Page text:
Something that I can’t quite put my finger on is the art by Fernando Pasarin, which most of the time looks terrific and is highly expressive but also feels like it isn’t blending all too well with the inks and colors. Also, there was a moment in which Barbara’s roommate describes Ricky like this: “Your date looks like he’s about twelve” — but Pasarin draws Ricky huge and with a manly square jaw. I pointed out in the last review that Ricky has progressively been drawn more grown-up looking and more handsome in every issue.
And then the one shot that I really didn’t care for: cross-eyed Gordon:
As for things in the story that I found odd? That has a lot to do with the way some of the characters behaved and I’ll need to place all of that in spoiler tags I’m afraid. I’ll also mention some more things I did enjoy but don’t want to spoil for anyone. Just keep in mind that while there was plenty for me to pick apart, the book was overall a breath of fresh air.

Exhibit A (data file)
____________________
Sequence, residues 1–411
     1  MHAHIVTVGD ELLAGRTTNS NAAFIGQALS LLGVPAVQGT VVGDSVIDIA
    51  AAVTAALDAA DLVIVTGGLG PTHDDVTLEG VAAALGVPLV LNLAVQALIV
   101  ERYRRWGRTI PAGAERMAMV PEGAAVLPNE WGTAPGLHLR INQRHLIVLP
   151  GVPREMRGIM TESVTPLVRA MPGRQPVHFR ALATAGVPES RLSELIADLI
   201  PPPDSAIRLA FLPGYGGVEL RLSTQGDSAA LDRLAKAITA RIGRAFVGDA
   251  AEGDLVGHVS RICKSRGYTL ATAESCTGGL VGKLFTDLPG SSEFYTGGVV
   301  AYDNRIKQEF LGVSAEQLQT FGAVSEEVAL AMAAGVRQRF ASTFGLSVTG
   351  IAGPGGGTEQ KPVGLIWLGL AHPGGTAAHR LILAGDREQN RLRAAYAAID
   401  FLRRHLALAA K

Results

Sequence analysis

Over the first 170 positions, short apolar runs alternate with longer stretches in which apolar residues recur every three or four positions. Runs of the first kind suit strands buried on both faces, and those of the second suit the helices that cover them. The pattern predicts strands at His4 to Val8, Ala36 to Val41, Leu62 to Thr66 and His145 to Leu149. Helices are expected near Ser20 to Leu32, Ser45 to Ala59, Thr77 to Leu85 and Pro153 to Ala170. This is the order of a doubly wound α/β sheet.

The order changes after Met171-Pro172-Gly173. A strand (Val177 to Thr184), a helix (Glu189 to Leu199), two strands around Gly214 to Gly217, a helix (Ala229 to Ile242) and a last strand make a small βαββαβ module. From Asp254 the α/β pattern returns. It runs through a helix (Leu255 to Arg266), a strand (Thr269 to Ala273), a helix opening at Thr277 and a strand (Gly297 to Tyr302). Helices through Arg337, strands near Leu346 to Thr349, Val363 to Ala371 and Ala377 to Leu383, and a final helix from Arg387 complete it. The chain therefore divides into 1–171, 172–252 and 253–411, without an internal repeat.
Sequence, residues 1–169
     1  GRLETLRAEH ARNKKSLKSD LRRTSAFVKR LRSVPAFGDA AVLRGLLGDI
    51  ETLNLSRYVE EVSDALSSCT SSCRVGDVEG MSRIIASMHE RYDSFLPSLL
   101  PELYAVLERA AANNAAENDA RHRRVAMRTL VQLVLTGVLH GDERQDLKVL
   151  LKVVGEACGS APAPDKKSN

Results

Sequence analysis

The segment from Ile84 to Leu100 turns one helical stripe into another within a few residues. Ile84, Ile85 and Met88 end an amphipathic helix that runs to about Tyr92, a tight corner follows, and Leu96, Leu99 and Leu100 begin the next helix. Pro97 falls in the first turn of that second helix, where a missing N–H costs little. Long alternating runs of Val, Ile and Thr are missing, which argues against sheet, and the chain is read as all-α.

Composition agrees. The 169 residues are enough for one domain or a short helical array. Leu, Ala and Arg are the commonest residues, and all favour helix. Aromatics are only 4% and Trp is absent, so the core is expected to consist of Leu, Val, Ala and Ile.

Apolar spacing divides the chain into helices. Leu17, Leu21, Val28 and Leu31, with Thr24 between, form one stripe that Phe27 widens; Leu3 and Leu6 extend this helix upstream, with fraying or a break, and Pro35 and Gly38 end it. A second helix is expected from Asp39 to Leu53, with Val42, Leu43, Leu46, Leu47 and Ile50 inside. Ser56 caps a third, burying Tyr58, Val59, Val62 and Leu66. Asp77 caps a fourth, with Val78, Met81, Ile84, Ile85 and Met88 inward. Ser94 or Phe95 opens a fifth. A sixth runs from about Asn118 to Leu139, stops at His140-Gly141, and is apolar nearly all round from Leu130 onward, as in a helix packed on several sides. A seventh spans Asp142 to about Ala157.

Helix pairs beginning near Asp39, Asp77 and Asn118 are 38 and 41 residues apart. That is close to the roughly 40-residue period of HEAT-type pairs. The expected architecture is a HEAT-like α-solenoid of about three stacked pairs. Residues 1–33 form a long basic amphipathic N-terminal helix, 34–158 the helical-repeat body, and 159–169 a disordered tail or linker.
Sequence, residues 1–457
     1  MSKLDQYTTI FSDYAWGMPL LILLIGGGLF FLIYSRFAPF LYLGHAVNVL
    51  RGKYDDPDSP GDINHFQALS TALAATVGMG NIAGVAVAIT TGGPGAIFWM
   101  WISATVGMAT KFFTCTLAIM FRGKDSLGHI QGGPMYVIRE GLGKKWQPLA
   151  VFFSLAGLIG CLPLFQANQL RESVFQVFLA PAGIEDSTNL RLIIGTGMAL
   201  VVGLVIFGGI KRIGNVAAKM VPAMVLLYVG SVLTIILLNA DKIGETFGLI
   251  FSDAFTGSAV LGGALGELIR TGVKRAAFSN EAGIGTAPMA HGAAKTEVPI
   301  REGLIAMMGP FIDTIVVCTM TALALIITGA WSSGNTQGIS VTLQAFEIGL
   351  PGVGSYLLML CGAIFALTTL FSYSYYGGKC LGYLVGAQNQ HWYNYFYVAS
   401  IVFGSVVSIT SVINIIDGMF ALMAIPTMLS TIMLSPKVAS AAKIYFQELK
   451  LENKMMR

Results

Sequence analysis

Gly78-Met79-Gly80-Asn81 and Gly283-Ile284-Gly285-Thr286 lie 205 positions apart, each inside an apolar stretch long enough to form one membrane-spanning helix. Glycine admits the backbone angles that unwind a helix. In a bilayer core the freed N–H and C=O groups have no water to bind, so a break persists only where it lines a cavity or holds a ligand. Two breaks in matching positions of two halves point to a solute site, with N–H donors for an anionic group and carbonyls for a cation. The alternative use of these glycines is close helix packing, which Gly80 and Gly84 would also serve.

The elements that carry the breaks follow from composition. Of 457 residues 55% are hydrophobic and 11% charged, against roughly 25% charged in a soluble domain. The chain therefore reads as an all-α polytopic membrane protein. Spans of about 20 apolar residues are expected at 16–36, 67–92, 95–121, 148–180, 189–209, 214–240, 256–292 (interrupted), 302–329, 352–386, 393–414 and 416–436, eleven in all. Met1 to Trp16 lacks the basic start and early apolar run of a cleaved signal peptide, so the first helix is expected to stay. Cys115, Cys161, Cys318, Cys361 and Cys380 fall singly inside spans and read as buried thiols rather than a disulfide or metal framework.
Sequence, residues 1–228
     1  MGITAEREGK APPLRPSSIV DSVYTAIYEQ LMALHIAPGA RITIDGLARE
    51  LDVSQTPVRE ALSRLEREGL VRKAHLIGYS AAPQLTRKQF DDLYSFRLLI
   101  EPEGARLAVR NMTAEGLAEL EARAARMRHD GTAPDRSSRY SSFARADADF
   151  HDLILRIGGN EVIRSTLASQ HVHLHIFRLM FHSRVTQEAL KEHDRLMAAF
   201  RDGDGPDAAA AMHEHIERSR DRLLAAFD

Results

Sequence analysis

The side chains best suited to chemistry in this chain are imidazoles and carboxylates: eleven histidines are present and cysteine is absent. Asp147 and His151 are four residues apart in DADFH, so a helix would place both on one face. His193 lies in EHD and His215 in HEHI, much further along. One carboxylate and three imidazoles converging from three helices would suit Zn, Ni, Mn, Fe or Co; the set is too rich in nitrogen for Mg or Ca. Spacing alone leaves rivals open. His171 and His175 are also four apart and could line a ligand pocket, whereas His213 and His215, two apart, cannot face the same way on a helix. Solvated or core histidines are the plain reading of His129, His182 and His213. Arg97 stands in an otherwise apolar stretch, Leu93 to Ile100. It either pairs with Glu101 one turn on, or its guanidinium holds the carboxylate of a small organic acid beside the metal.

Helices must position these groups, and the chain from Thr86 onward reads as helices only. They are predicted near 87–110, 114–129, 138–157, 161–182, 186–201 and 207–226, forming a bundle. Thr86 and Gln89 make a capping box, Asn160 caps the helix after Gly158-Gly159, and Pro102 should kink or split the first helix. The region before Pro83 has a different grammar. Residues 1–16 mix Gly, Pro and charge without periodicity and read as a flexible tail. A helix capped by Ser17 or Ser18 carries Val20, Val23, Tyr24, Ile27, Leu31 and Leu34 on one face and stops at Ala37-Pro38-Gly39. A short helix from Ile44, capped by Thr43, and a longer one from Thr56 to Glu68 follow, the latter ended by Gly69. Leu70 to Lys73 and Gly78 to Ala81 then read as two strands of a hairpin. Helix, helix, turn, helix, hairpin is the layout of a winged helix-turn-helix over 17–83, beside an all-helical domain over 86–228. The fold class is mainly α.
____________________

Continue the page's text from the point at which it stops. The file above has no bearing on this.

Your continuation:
- I wish Barbara could’ve had a night out that was totally magical rather than shoehorning in that action scene. Luckily though, with Ricky’s dark past already set up the event didn’t feel completely like action for action’s sake.
- I laughed when the henchman said that they had “a bingo.” It reminded me of Inglorious Basterds.
- The thing that really threw me for a loop was the idea of Ricky suggesting that they go back to his place to meet his parents ON THE FIRST DATE. I sincerely hope no young man reading this issue of Batgirl takes any notes from Ricky because that is a TERRIBLE idea. If you bring a girl back to your parent’s house to have dinner with your mom on the first date you will NOT be getting a second date. I mean, unless you two are in middle school or something but Barbara is in her twenties. Going from “Let’s go to the opera” to “Let’s just have my mom cook us something.” is ridiculous.